Comics A.M. | DC's 52 variants add up to million-dollar comic

Publishing | DC's 52-variant-cover gimmick with Justice League of America #1 seems to have paid off, as ICv2 estimates Diamond Comic Distributors sold more than 300,000 copies to comics shops last month. That adds up to more than $1 million in retail sales, a rare height last passed by in January by The Amazing Spider-Man #700. ICv2 also posts the Top 300 comics and graphic novels for February. [ICv2]

Kickstarter | Gary Tyrrell talks to Holly Rowland, who with husband Jeffrey has launched a business called Make That Thing to help comics creators fulfill their Kickstarter pledges. The Rowlands are also the team behind the webcomics merchandise retailer TopatoCo. [Fleen]

Publishing | Calvin Reid moderated a panel on publishing graphic novels in the Kickstarter era at South by Southwest, featuring Karl Stevens (The Lodger) and Josh Frankel (Harvey Pekar's Cleveland). [Publishers Weekly]

Creators | Palestinian cartoonist Mohammed Saba'aneh, who was arrested by Israeli authorities on Feb. 16, is still behind bars and may face indefinite detention; Aaron Schachter interviews Israeli cartoonist Uri Fink about the case. [The World]

Creators | Rick Parker discusses his process as he illustrates an upcoming Papercutz graphic novel parody The Farting Dead. [Maine Public Broadcasting Network]

Comics | Superman expert Glen Weldon explains why Orson Scott Card is the wrong guy to write a Superman story: "The fact that a guy who has dedicated himself to hate and discrimation would be handed the keys to the character just shows that DC Comics doesn’t understand who the character is for." Weldon also discusses Superman stories that take on real-world issues. [Salon]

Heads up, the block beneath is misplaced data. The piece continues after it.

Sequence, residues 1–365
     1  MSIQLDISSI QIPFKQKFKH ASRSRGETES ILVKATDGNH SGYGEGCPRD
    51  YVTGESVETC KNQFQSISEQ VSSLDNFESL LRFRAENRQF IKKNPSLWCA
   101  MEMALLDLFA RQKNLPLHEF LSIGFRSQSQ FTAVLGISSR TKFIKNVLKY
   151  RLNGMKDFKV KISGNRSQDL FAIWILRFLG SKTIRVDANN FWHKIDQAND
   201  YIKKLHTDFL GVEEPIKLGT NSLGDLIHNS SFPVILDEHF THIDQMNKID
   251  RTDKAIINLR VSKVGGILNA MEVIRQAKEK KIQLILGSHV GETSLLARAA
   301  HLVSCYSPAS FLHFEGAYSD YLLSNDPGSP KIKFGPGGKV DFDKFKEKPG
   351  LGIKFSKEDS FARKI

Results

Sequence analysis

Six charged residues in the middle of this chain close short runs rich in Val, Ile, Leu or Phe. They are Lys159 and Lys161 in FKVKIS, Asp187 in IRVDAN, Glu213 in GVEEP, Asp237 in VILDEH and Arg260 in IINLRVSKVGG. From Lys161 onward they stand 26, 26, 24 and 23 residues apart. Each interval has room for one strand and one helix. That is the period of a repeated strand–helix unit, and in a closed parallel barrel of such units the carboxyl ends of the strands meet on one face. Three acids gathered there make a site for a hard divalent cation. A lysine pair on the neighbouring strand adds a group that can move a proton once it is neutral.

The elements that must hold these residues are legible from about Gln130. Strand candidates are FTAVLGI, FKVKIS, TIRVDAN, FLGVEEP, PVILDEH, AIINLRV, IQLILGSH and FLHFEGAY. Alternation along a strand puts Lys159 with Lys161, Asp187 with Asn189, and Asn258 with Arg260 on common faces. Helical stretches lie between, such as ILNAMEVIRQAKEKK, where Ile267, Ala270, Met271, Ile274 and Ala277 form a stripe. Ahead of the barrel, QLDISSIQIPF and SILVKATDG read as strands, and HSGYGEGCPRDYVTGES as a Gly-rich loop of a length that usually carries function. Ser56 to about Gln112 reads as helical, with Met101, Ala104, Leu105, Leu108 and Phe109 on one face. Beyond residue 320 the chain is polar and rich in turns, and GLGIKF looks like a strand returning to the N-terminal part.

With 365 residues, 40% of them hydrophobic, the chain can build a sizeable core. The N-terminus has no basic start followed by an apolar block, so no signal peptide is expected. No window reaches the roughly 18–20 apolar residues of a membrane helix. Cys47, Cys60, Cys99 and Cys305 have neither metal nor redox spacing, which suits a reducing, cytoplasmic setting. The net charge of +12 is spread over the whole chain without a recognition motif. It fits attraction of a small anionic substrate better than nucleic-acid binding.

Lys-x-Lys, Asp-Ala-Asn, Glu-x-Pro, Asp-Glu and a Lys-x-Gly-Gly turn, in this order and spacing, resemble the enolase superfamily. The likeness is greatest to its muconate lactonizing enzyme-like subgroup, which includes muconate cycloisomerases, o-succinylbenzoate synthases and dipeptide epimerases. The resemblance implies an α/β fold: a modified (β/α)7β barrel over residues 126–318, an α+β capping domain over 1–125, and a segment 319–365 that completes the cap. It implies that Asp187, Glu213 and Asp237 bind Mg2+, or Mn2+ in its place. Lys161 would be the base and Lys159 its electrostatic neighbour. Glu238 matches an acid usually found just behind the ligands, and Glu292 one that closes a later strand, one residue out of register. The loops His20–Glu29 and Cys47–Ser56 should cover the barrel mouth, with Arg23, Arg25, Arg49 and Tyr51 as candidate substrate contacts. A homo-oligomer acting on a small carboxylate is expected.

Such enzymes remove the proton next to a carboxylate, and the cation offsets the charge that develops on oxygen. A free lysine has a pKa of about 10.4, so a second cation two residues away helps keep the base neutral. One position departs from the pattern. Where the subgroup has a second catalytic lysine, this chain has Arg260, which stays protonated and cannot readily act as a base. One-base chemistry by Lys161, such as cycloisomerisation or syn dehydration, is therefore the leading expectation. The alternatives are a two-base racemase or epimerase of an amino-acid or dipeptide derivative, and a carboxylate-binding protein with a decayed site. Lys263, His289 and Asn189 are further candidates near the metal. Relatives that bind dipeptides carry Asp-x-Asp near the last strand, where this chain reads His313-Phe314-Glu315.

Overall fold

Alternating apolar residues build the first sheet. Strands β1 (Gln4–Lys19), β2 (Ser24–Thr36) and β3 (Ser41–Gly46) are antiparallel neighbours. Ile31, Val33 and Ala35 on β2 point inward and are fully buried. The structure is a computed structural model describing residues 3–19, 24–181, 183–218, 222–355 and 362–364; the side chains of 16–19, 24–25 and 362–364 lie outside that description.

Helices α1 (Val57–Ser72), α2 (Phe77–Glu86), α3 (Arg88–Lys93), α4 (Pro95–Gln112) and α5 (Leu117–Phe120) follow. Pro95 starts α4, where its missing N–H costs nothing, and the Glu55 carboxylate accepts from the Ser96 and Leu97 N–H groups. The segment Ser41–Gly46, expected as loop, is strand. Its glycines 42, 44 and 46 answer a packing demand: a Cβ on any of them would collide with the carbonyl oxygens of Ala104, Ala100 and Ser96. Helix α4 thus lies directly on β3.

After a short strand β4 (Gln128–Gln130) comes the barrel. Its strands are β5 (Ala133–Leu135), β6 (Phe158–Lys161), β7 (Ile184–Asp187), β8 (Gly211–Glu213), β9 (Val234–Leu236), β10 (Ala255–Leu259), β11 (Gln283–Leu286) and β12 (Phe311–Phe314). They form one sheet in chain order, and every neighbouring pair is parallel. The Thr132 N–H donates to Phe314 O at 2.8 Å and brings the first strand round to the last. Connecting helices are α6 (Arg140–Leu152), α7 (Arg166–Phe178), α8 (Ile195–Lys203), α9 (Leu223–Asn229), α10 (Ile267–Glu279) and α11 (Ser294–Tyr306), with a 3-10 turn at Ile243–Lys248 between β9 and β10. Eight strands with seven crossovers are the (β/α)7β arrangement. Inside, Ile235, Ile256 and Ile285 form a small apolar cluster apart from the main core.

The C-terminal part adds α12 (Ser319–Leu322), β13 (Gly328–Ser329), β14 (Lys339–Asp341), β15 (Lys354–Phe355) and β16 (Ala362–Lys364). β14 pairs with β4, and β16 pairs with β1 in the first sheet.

Piracy | Alex Hoffman observes that the easiest manga to find online is the bootleg stuff, and he has some thoughts about how publishers might make their wares more easily discoverable by the casual reader. [Manga Widget]

Retailing | Several things caught my eye about this interview with Paul Forrester, graphic designer for the London comics shop A Place in Space: He refers to "the big three," rather than the big two, comics publishers; the shop does much of its business online (apparently selling print comics, not digital); and he sees the customer base as a roughly 50/50 split between men and women. [SW Londoner]

Retailing | The local paper profiles Steve's Comic Relief, "the longest-running comics store in Bucks County [Pennsylvania]," and founder Steve Gursky, who owned seven stores during the comics boom of the early 1990s. [PhillyBurbs.com]

People | ComiXology CEO David Steinberger shares how he spends his Sundays. [The New York Times]

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